planning private vigils and religious services to commemorate the anniversary of china's deadly tiananmen square crackdown. police planted -- planned to deploy 7000 personnel to enforce bans on gathering. a prominent organizer was arrested after applying to hold a publicly -- public vigil to mark the occasion. global news 24 hours a day on air and at bloomberg quicktake, powered by 2700 journalists and analysts in 120 countries. this is bloomberg. it's -- this is bloomberg. anna: thanks very much. coming up, we get the european growth conversation. the eu is set to issue joint debt to fund the recovery. we have all the details. we go live to brussels for that next. this is bloomberg. ♪
♪ anna: this is bloomberg daybreak: europe. welcome to the program. 15 minutes past 6:00 here in london. you member states have agreed to allow the european commission to raise as much as 800 billion euros to help fund the blocks recovery from the pandemic. maria tadeo, good morning to you. we've known that the eu was going to jointly raise this money. that was what last summer was all about. the decision to allow that joint debt raising. this seems to be a breakthrough in terms of agreeing how this is going to work. dr. broyer: -- maria: yes. you are right. it is finally happening. the commission will tap markets this month in june. when you take a step back if you see how big the package will be, the symbolic nature. the fact that the european union
is tapping markets, something that was seen as a redline a few years ago. in terms of how this is going to work, this is the full package. it's about 800 billion euros. the commission will have to issue a lot in a very sort -- short amount of time. they are looking to tap markets for 80 billion euros. they are looking to do that starting in june. it's likely that that auction will be a syndicated auction. from that point on, we are going to get 150 billion euros of joint debt issued by the commission each year until 2026. when you look at the full amount, the eu will become one of the biggest issuers in the world. especially when you look at assets in europe. anna: when we think about the size of this, so many options in such a short space of time. coming quite soon. can this all be successful? is there appetite in the market for it? dr. broyer: yes. -- maria: yes.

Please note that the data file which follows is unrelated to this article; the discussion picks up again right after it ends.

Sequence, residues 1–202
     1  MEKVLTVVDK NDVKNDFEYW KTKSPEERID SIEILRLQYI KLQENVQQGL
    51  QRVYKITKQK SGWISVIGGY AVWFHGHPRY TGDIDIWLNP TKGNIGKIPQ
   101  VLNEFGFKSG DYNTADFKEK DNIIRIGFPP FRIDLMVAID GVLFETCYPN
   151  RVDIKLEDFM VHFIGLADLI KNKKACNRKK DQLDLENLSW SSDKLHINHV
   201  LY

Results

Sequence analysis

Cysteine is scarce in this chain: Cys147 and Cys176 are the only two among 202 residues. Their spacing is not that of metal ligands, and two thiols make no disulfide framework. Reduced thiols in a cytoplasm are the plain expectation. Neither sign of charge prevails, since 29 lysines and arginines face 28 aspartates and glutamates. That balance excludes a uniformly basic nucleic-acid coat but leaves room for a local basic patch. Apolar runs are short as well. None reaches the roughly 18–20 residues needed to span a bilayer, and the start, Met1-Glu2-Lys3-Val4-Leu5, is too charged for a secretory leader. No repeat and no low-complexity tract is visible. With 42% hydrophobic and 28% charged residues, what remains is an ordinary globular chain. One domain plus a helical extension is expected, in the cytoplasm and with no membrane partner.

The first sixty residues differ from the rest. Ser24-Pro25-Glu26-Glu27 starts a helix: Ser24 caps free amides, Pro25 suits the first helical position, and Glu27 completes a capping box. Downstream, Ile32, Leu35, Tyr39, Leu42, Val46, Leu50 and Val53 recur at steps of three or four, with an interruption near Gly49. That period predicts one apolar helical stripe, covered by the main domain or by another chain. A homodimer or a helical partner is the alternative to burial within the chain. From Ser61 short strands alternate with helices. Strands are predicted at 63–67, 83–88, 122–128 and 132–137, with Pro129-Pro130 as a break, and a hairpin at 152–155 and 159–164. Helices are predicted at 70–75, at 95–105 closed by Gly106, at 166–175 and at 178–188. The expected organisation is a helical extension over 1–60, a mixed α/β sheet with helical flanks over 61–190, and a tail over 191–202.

this is a big question for the commission. if you look at every option they have done, there have been programs that go for joint action, those have been very successful. they've been over prescribed. there's a lot of debt in a very short amount of time. they have already enlisted 39 banks to work with the commission, some in europe, a lot of them on wall street, to help bid -- build that space. they say there will be appetite. a lot of this will happen over the summer. also pick up in september. it's a big question to see what will happen there. the role that the ecb will play into this. i assume it will be a big buyer of this new debt that is entering the market. it will be aaa. a lot of questions about whether it could become a long-term committed or to the german bund. anna: there's a conversation about what this does to pricing
of other debt. individual sovereign nations and their ability to raise money. maria: yes. as i said, there's a lot of debate in the market as to whether or not this is the new safe european asset that everyone has been longing for for years. that would perhaps compete with the blinged. it would be interesting to see what it does to something like a french bond which had all been trading as a more liquid market when you look at it from a boon perspective. it will be interesting whether or not this removes the appeal from a french bond. on the options, this big auction will be placed using the french auction system. it is centralized and it will be done by the french central baked. -- bank. anna: thank you very much for the update. sylvain broyer.